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Not many motherboards support new standard yet

Seagate is launching today the latest in the  Barracuda family of 7200 RPM hard disk drives. The Barracuda XT is the first drive to market that supports SATA interface speeds of up to 6Gbps. 

The 2TB monster features a large 64 MB cache, which is the largest seen on a regular HDD. However, several SSDs already use 128MB caches, and at least one controller design in the works is capable of accessing up to 256MB of cache. It is these large and fast caches that are driving SATA standards forward.
The latest version of Seagate's SeaTools software allows for short-stroking, in which data is stored only on the outer tracks of the drive, allowing greater access speed at a reduction in capacity. The company claims that a short-stroked Barracuda XT using 1TB of storage will be able to compete with a 10k RPM Velociraptor drive from competitor Western Digital.

The company is targeting high performance and gaming PCs, low cost servers for SMBs, and external storage applications using eSATA for the new drive. Seagate expects almost 20% of all HDDs sold in 2010 will have a capacity of  1TB or greater.

The new drive (model ST32000641AS) comes with a 5-year warranty at a MSRP of $299. It should be available at retail by the end of this week.

Despite all the enthusiasm from Seagate, it will be SSDs that see the greatest performance jump with the move to the next generation for the SATA interface. Several SSDs are already hitting the limits of SATA II when reading from their cache.

Adoption of the new SATA standard is currently slow, as the ASUS P7P55D is the only motherboard that is natively capable of support 6Gbps. Older motherboards are capable of such speeds only through the use of a PCIe adapter card.

The problem is that motherboard manufacturers are waiting for a new I/O Controller Hub (ICH) from Intel. Commonly known as a southbridge, the new ICH is expected to support new technologies such as SuperSpeed USB 3.0 and SATA 6Gbps. AMD is also working on a new southbridge to support these technologies.

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RE: ok so how about
By TomZ on 9/21/2009 2:22:34 PM , Rating: 2
I'm not sure I agree with you. I think SSDs are something that a lot of people are talking about, but only a small number of people are actually buying. And in the meantime, people are still buying machines and upgrades that include plain-old HDDs.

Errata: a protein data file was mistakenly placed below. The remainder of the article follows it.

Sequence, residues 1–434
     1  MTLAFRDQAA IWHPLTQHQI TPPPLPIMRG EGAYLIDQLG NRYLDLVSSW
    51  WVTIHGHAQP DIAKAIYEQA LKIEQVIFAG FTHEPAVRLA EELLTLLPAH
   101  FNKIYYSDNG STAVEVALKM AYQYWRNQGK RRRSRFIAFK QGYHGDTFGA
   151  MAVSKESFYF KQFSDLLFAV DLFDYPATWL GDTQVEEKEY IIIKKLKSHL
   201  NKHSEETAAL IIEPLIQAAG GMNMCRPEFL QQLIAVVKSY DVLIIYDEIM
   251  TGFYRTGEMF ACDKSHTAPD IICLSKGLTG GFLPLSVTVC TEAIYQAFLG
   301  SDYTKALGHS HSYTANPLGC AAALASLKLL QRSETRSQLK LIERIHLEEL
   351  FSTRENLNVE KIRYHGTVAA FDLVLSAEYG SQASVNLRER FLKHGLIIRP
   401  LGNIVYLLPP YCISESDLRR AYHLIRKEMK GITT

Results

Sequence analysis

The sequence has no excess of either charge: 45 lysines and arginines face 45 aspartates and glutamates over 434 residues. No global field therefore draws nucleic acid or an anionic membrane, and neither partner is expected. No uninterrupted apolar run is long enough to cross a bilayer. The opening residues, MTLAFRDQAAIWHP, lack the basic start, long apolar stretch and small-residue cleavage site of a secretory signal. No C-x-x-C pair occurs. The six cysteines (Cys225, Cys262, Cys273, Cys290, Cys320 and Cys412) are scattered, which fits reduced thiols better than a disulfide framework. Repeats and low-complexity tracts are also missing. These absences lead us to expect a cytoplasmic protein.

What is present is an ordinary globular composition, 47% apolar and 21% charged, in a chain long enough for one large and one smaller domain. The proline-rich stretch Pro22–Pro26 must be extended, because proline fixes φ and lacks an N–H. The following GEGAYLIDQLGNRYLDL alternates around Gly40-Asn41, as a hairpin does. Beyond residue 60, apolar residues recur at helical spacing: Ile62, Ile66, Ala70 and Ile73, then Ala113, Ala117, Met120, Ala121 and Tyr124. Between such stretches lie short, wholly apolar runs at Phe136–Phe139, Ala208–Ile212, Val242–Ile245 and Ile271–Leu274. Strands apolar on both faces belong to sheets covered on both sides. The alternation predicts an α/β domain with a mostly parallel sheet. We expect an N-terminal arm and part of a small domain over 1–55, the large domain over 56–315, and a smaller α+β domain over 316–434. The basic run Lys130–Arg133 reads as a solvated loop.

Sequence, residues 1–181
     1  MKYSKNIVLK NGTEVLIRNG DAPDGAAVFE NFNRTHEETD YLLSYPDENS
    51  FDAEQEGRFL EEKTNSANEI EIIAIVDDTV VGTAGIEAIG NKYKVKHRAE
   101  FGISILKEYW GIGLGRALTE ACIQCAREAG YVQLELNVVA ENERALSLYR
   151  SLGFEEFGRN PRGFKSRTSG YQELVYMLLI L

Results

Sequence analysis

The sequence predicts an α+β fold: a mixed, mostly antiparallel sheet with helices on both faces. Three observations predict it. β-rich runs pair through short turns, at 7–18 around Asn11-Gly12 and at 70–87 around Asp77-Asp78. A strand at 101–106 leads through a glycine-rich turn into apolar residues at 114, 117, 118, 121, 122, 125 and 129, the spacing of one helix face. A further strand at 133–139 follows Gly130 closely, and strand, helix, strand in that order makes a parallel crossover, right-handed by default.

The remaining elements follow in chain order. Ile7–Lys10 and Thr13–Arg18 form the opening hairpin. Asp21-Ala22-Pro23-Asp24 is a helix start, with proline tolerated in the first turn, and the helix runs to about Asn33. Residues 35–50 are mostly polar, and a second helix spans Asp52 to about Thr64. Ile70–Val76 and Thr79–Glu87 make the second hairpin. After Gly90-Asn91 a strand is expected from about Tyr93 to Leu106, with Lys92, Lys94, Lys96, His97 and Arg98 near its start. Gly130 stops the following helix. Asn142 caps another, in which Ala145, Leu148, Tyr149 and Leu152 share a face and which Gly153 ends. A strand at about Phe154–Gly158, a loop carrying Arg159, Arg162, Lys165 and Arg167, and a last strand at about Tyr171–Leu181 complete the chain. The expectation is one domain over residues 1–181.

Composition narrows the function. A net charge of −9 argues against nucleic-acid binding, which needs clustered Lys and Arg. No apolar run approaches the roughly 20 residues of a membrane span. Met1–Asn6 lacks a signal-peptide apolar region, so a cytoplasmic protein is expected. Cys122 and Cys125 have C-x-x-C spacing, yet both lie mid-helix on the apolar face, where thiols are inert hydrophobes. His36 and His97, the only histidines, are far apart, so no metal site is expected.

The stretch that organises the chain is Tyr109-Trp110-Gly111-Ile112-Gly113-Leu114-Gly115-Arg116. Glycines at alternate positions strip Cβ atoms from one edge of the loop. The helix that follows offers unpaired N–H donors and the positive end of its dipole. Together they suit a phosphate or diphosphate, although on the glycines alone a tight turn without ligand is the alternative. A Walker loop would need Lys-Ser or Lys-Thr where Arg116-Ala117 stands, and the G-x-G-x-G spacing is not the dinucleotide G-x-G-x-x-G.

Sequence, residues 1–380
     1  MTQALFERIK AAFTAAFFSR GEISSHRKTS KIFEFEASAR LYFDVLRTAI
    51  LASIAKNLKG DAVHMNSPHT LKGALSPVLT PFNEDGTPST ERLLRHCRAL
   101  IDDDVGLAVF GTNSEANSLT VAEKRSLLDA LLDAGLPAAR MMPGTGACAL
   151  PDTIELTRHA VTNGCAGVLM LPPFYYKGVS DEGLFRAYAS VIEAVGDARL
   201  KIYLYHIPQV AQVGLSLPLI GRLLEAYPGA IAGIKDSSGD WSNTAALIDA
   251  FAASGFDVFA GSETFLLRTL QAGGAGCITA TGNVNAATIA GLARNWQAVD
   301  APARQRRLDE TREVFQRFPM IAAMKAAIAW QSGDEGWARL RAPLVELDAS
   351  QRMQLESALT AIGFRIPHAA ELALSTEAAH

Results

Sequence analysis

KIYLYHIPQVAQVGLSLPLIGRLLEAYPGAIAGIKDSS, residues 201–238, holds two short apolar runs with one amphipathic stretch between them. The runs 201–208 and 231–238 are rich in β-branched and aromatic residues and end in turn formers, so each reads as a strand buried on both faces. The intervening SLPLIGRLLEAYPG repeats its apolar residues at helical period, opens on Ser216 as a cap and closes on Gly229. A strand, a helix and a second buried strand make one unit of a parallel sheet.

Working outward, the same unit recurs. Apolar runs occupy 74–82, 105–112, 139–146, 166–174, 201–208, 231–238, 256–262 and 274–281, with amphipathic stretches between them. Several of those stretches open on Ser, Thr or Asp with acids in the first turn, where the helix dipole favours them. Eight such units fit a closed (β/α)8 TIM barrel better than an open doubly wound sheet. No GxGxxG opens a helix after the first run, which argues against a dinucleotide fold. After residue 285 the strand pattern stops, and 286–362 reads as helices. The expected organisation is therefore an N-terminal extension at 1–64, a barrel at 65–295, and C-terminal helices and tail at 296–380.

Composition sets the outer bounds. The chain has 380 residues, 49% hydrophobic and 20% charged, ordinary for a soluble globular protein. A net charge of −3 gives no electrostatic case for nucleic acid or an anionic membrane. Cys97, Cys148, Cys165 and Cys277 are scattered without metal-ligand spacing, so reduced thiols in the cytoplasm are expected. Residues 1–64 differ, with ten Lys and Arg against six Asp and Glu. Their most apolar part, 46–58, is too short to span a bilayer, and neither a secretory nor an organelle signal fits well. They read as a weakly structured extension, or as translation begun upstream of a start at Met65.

I'd be curious to know the marketshare of SSDs, but I'd be suprised if it exceeded even just 1% right now.

RE: ok so how about
By Reclaimer77 on 9/21/2009 2:38:19 PM , Rating: 2
Are you ppl dense ? The interface isn't the limiting factor on hard drives, it's the mechanical parts. The new version of Sata will NOT improve standard hard disk performance because the drives will never be fast enough.

It WILL however improve SSD performance.

You people sound like a bunch of VHS junkies who claimed DVD will never get "marketshare".

RE: ok so how about
By TomZ on 9/21/2009 2:54:24 PM , Rating: 2
Two points:

1. 6Gbps will also improve performance of HDDs because it allows faster access to reading from and writing to the DRAM cache. After all, not every I/O request requires a full trip down to the magnetic media. Many requests can be served by the DRAM. After all, that is the purpose of the DRAM in the first place!

2. I specifically didn't say that I don't see SSD market share growing in the future, as you imply. I'm saying I believe the current market share is much less than some techies think it is. The perceived market share is much higher because of all the media/blog attention it gets because of being a new/developing technology.

RE: ok so how about
By TomZ on 9/21/2009 3:12:59 PM , Rating: 2
One more point - you are assuming that the only change in the new interface is the speed, but that is not correct. 6Gbps SATA also adds a number of new features that are also beneficial to HDDs:

• A new Native Command Queuing (NCQ) streaming command to enable isochronous
data transfers for bandwidth-hungry audio and video applications
• An NCQ Management feature that helps optimize performance by enabling host
processing and management of outstanding NCQ commands
• Improved power management capabilities

RE: ok so how about
By MrPoletski on 9/24/2009 9:57:28 AM , Rating: 2
This NCQ will require both hardware and software support no doubt and will also primarily benefit enterprise applications.

Desktop PC's just don't have the Iops load for NCQ to make a significant difference - especially given the non existant seek times of SSD's.

"Spreading the rumors, it's very easy because the people who write about Apple want that story, and you can claim its credible because you spoke to someone at Apple." -- Investment guru Jim Cramer

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